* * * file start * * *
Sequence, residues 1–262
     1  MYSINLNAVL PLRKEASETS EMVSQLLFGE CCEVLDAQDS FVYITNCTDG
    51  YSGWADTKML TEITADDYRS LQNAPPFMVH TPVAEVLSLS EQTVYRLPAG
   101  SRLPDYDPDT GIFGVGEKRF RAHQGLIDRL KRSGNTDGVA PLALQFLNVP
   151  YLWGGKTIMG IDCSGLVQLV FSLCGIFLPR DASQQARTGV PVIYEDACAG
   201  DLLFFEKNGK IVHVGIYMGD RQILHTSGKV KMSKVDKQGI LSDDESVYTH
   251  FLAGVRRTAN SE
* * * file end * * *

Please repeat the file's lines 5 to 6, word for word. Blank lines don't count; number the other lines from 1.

   151  YLWGGKTIMG IDCSGLVQLV FSLCGIFLPR DASQQARTGV PVIYEDACAG
   201  DLLFFEKNGK IVHVGIYMGD RQILHTSGKV KMSKVDKQGI LSDDESVYTH